This is one of the ISTP/GGS events we studied. A Coronal Mass Ejection (CME) on January 6 sent disturbances into the solar wind, which eventually caused magnetospheric substorms and impressive auroral displays. There is special event page with much more information than here. Here you'll find images from the POLAR UVI imager and their interpretation, as well as VIS images.
We have analyzed images from January 9, 10 and 11. The orbit of POLAR is such that during the 17 hours of the orbit, we get about 10 hours or so of good viewing geometry per orbit.
These images are raw images, not calibrated and not transformed into geographic coordinate systems. At the beginning of the sequence, the satellite sees the aurora near the limb of the earth. The motion of the satellite in the images is towards the bottom. In the middle of the sequence (around 16 UT) the satellite looks straight down onto the north pole, and towards the end the aurora is on the limb again. For more images and animations look at the UVI event page.
|07:05-09:04 UT||09:08-11:10 UT|
|10:01-12:03 UT||12:06-14:06 UT||14:09-16:11 UT|
|16:14-18:20 UT||18:23-20:25 UT||20:29-22:32 UT|
|6:02-8:05 UT||8:08-10:09 UT||10:12-12:11 UT|
|12:14-14:17 UT||14:20-16:26 UT||21:53-23:57 UT|
We can also compare the derived energy fluxes with local observations from DMSP and NOAA satellite overpasses. These satellites fly at about 800 km altitude over the aurora and measure the electron spectrum along their orbit. We present two examples from January 10 (11:42:53 UT with NOAA, and 12:49:44 with DMSP) where we plotted the locally measured energy flux over the image, using the same color scale. The local measurements cover the part of the satellite track of 120 (NOAA) and 60 second (DMSP) around the image time.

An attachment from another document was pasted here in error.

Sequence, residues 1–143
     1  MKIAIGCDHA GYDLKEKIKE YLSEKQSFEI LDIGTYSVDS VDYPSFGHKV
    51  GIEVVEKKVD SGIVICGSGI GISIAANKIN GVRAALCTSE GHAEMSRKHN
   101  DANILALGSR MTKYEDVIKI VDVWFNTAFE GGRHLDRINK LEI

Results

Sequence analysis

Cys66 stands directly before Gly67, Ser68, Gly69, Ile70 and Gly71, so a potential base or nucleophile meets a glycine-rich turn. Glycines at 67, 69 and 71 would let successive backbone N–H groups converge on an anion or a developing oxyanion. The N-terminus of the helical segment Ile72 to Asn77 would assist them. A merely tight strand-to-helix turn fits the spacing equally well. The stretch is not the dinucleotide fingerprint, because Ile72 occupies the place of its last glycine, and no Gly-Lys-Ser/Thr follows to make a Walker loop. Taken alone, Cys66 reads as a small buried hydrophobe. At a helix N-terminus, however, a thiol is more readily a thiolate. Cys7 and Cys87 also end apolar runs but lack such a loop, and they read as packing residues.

More maps of energy flux on the 10th and on the 11th in the same format as the samples above are also available. These plots show the energy flux from every LBH-long image from the period 10 UT to 23 UT on January 10, 1997. In addition to the overlaid geographic coordinate system, some of the plots also have the locations of Poker Flat Research Range, Alaska, and Sondrestrøm incoherent scatter radar, Greenland, marked.
Before the main auroral activity started, the aurora had a distinct cross polar cap arc. The energy flux in that aurora was very low, as shown in these maps: energy flux 2:09-2:34 UT and energy flux 2:37-3:00 UT.
|The energy flux from the UVI images can be integrated over the entire hemisphere to yield the hemispheric power. This quantity gives a good estimate of the intensity of storms and substroms. For January 9 we have analyzed the period from 07:00 to 11:00 UT, with some moderate aurora. The major activity starts on the next day.|
|The plot shows the hemispheric power for the periods when the aurora was in the field of view of the UVI imager. On Jan 10 between 6:00 and 10:00UT the satellite passed over the southern hemisphere, thus there is a gap in the plot of the total power. Unfortunately (Murphy's law?), the major activity started right in this gap - the strong peak near 11:00UT is only the tail end of the substorm. During the period between 00:00UT and about 10:30UT on the 11th of January, the aurora was very faint, and no hemispheric power has been calculated. A better quality PostScript version of this plot is also available.|
The maps of energy flux and mean energy, as well as the conductances have been combined with other data sources (IS radars, HF radars, magnetometers, low altitude satellites) in the AMIE procedure. Of particular interest of the conclusions from this simulation is the distribution of energy within the geospace environment: Questions like `how much of the available energy went into the ring current, how much into aurora, how much into ionospheric heating' can now be answered.
A solar wind model has simulated a shock that originated from the region of the sun where the CME occured (Sun Wei and Syun-Ichi Akasofu) and arrived at the earth 4 days later, consistent with observations.
Last updated: 21 April 1997
Questions? Comments? Or would you like to add to this study?
Please send E-mail to Dirk Lummerzheim firstname.lastname@example.org